‘Would you like to carry a gun?’ British police asked
The Metropolitan Police Federation, London’s police union, launched a major new survey on Monday to ask its 32,000 members if being armed at all times would actually demoralize officers on the job.
The force is also asking officers whether they would personally rather carry a gun or a Taser.
British police have historically patrolled unarmed. Although firearms units have been expanded over time, their proliferation has always been met with controversy.
Following the terrorist attacks in Paris and Brussels, however, Scotland Yard announced plans to train an additional 600 officers to carry firearms.
The first cohort of highly trained firearms specialists was introduced last August. Its officers carry carbine rifles, glock pistols, shotguns and semi-automatic rifles. Armed police were seen patrolling several public events over the Christmas season.
“We’re not an armed force, we never have been. But the terrorism threat in London is constant and our officers must be vigilant and be able to deal swiftly with any scenarios we face,” Federation Chairman Ken Marsh said.
“We are moving closer towards that by arming 600 more officers and I think it’s only fair that we ask our colleagues – who go out there on a daily basis – what they want.”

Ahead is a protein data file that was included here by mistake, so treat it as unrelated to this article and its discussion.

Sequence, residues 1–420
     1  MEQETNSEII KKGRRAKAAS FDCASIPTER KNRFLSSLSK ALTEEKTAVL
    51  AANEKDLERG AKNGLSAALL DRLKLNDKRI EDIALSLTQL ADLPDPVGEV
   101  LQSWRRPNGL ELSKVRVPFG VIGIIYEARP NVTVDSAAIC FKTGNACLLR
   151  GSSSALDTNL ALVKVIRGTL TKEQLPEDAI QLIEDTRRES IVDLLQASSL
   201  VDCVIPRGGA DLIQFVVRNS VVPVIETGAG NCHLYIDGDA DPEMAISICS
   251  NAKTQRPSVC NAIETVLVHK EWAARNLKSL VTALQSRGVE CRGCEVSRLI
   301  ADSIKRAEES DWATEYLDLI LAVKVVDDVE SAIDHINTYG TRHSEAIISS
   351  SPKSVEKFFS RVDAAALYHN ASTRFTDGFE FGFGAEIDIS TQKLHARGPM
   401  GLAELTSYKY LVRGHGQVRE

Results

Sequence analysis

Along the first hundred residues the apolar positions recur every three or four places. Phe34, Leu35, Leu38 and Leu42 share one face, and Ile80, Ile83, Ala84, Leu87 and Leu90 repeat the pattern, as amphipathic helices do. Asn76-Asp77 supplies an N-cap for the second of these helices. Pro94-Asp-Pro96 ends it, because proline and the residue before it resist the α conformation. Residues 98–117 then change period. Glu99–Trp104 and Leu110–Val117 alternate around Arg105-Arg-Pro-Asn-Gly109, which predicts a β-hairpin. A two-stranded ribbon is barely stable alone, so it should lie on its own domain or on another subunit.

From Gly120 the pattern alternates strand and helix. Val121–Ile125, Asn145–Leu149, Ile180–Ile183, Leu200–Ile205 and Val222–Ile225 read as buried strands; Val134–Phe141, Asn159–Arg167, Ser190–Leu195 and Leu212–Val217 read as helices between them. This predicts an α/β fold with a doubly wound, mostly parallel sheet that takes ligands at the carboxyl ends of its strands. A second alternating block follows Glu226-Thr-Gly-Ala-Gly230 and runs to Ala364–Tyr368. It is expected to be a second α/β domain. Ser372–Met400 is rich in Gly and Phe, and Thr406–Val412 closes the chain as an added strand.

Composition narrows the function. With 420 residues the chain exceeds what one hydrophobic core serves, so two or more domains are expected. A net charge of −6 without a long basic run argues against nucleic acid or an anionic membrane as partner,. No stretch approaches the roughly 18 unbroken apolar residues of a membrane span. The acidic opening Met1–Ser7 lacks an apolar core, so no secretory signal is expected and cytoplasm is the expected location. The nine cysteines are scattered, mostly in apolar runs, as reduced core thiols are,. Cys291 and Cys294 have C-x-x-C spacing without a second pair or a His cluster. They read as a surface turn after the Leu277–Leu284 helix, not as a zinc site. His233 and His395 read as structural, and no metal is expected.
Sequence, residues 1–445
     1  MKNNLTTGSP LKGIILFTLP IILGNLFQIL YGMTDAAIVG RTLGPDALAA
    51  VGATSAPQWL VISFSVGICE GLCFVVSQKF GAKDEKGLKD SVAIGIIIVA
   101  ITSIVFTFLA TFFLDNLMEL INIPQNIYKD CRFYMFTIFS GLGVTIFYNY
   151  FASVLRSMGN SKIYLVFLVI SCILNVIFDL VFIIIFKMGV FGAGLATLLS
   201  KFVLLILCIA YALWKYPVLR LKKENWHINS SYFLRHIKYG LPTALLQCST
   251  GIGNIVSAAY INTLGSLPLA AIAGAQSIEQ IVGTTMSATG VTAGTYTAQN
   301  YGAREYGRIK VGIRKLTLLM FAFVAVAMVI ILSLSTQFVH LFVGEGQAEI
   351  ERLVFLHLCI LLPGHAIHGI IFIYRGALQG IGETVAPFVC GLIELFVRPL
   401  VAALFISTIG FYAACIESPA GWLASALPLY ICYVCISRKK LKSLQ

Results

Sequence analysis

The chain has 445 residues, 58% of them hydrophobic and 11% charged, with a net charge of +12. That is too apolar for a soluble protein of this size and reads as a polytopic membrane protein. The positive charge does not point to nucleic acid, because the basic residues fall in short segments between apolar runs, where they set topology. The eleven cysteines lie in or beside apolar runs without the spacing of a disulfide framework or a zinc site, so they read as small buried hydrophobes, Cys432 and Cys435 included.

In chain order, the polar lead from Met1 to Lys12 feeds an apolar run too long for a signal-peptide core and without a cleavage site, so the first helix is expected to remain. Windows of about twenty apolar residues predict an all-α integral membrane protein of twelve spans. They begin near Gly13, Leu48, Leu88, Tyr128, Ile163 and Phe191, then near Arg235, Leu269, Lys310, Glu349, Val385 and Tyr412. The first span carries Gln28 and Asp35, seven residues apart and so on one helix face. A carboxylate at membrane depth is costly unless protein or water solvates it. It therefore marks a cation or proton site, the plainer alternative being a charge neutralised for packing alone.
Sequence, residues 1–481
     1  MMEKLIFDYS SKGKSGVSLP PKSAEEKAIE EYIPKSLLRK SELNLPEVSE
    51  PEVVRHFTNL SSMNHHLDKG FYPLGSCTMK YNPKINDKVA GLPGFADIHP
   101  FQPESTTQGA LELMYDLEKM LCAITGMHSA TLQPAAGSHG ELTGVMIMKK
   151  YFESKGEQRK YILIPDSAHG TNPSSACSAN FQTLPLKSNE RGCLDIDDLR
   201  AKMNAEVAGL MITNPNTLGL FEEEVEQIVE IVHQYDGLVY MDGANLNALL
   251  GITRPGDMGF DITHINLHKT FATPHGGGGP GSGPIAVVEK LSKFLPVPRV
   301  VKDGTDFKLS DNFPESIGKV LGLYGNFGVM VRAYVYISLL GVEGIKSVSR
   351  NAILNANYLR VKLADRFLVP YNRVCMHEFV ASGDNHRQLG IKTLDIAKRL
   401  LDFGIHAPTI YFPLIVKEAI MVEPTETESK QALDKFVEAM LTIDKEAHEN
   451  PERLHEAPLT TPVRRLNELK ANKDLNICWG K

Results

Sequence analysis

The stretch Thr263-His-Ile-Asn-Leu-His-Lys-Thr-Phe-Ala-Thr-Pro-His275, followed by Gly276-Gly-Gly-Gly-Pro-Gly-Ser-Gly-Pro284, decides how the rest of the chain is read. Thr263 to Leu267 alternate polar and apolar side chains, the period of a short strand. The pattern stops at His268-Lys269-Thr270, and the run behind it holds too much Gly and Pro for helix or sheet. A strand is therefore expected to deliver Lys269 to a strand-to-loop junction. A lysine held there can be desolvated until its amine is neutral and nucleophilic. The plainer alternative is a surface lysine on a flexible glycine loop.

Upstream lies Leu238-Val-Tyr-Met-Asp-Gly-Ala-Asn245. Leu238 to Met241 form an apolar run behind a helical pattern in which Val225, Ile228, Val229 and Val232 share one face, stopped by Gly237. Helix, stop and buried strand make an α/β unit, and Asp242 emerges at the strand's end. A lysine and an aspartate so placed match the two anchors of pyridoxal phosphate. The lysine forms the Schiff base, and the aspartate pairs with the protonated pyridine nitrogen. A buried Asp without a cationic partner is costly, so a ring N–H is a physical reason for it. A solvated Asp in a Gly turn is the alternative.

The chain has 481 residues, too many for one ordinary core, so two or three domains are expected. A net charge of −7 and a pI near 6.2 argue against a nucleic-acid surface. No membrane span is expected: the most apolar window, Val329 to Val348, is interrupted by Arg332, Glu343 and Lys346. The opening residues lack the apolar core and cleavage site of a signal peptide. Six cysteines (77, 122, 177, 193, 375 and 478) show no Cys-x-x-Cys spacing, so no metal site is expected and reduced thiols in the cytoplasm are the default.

Previous surveys of police officers have shown that the force was not keen on changing the current approach, but the public holds a different opinion.
A poll held shortly after the Paris shootings of November 2015, which killed more than 130 people, found that 58 percent of Brits believe police officers should carry guns.
Two thirds of those quizzed also thought British police are not sufficiently prepared to deal with a terrorist attack of that scale. Britain’s official threat level for an international terrorism attack has been at “highly likely” for over two years.
Currently, around 92 percent of police officers do not carry guns on the job.
Some experts believe, however, that arming officers will have no effect in deterring terrorists from attacking Britain’s biggest cities.
“The reality is, and we only have to look at places that have routinely armed police officers, is that this doesn’t prevent terrorists from attacking them,” former counter-terrorism detective David Videcette told RT. “It doesn't make the public or police officers any safer.
“What it may do is bring a situation to a conclusion faster if currently unarmed police has a gun and happens to be the first on the scene where they shoot a terrorist. But again the evidence of this isn’t supportive.
“There were armed officers on scene within moments of the Bataclan massacre in 2015, one terrorist was shot dead, but the single officer has to withdraw under heavy fire, and then it was a further hour before police stormed the building in any numbers. Should that happen in London, I would be confident that our current response of armed officers would better that of the French.”
The Met Police confirmed that it had allowed the Federation to use its systems to poll individual officers, but that it was not taking any further part in the survey.
“The position of the Met and the Commissioner is clear – we are proud to maintain the tradition that police in this country are not routinely armed. The routine arming of the Metropolitan Police is not supported,” a spokesman said.